Pipe for the Trans Mountain pipeline is unloaded in Edson, Alta. on Tuesday, June 18, 2019. THE CANADIAN PRESS/Jason Franson

Canada’s bias meant improper consultations: First Nations challenging pipeline

Chief Leah George-Wilson says Canada had an opportunity to ‘get it right’ but failed

Six First Nations that have filed another legal challenge against the Trans Mountain pipeline expansion say Canada’s ownership of the corporation created a bias that prevented full consultations as ordered by the Federal Court of Appeal.

Chief Leah George-Wilson of the Tsleil-Waututh Nation says Canada had an opportunity to “get it right” but failed to take environmental risks into consideration as part of a rushed consultation process.

The court shelved the original approval last summer and the federal government approved the pipeline expansion again in June after a second round of consultations with First Nations.

George-Wilson says she expects the latest approval will be overturned based on the same mistakes the federal government made the first time around with its failure to conduct meaningful consultations.

READ MORE: Environmental groups challenge Trans Mountain, citing killer whale concerns

Lawyer Merle Alexander, who represents the Shxw’owhamel First Nation near Hope, says the nation that initially supported the pipeline chose to oppose it because an oil spill would destroy its sacred burial and archeological sites as well as the community’s sole source of water.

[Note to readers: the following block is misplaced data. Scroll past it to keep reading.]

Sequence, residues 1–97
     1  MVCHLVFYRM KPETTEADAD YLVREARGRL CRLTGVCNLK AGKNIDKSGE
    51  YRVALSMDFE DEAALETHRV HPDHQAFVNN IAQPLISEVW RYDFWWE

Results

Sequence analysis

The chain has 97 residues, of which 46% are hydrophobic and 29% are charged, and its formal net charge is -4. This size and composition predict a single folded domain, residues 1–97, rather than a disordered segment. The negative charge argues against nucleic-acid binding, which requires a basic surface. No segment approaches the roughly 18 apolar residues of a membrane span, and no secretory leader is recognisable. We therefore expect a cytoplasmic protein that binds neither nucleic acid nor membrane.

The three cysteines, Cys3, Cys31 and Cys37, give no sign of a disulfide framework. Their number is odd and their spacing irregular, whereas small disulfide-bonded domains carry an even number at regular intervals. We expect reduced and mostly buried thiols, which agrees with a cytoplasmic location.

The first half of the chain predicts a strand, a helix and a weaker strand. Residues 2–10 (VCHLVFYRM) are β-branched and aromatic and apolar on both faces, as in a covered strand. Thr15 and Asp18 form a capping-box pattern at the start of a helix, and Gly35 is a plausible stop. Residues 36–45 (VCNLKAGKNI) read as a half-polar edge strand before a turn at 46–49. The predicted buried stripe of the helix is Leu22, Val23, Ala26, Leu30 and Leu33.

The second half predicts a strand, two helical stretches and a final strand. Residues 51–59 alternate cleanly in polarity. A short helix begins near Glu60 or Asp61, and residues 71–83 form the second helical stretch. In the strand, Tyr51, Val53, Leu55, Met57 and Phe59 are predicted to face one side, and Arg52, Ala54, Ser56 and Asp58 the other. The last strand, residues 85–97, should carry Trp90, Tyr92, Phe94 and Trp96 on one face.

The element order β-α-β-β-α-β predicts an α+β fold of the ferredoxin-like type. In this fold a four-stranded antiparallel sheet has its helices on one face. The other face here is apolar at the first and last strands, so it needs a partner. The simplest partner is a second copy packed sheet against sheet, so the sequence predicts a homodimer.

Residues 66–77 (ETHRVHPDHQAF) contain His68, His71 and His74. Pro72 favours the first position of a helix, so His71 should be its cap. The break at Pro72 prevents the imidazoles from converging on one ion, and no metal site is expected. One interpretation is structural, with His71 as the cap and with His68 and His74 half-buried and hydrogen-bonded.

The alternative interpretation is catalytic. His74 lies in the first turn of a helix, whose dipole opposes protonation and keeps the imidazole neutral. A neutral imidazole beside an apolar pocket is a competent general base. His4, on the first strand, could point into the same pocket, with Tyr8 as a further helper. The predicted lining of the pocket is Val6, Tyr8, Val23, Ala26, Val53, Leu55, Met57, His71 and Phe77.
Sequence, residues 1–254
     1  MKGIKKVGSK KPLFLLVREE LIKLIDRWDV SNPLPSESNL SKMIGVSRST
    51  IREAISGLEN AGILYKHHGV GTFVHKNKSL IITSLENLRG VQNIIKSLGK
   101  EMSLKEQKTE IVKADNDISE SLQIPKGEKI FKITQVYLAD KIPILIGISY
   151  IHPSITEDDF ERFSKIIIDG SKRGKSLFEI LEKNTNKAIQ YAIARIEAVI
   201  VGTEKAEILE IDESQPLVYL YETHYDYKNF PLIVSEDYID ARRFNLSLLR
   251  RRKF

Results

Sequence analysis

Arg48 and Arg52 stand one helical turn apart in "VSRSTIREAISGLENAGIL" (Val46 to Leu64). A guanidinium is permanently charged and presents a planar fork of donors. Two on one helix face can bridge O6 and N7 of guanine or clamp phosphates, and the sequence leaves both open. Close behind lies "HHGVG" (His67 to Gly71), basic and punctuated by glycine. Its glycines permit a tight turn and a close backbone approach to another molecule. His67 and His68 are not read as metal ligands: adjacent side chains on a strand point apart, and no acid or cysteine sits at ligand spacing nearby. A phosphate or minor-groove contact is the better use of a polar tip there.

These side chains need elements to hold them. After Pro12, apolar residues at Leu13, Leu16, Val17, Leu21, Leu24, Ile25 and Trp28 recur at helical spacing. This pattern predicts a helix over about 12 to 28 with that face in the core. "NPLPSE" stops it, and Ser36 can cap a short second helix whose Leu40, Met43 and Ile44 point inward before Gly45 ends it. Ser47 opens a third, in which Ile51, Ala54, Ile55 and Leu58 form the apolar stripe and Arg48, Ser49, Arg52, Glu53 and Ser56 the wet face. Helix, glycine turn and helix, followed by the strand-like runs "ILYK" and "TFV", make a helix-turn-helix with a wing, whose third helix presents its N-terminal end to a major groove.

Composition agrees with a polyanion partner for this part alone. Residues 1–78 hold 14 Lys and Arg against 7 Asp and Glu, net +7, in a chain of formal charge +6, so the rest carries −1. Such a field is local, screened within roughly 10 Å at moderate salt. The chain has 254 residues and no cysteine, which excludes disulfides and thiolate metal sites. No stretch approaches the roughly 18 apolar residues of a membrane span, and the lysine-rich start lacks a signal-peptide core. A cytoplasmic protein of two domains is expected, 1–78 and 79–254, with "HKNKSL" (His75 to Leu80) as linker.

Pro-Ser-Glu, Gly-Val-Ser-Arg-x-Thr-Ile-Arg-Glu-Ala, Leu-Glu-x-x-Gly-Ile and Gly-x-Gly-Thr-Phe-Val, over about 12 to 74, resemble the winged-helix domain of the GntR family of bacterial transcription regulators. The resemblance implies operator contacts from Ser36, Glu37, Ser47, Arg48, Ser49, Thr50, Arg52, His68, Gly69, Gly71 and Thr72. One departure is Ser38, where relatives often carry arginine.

The federal government purchased the pipeline and expansion project for $4.5 billion, saying it was in the national interest to build the country’s energy infrastructure and to preserve jobs.

The Canadian Press

Like us on Facebook and follow us on Twitter.

Just Posted

Community of Vavenby weekly news update

Vavenby Elementary School has two teachers this year as the number of students has increased

Teamster Brad Cameron steps back in the arena

Cameron gets win in the Novice Wagon Competition

Back in Time

Historical Perspective

Alt-right crackpot hunting

Editor, The Times:

VIDEO: Liberals make child care pledge, Greens unveil platform on Day 6 of campaign

Green party leader Elizabeth May unveils her party’s platform in Toronto

B.C. forest industry looks to a high-technology future

Restructuring similar to Europe 15 years ago, executive says

RCMP conclude investigation into 2017 Elephant Hill wildfire

Files have been turned over to BC Prosecution Service

B.C. wants to be part of global resolution in opioid company bankruptcy claim

Government says settlement must include Canadian claims for devastation created by overdose crisis

B.C. ends ‘birth alerts’ in child welfare cases

‘Social service workers will no longer share information about expectant parents without consent’

U.S. student, killed in Bamfield bus crash, remembered as ‘kind, intelligent, talented’

John Geerdes, 18, was one of two UVic students killed in the crash on Friday night

Free Tesla 3 offered with purchase of Surrey townhome

Century Group’s offer for Viridian development runs through Oct. 31

B.C. communities urged to improve access for disabled people

One in four B.C. residents has disability, most want to work

Sikh millworker lodges human rights complaint against Interfor, again

Mander Sohal, fired from Delta’s Acorn Mill, alleges discrimination based on religion and disability

Most Read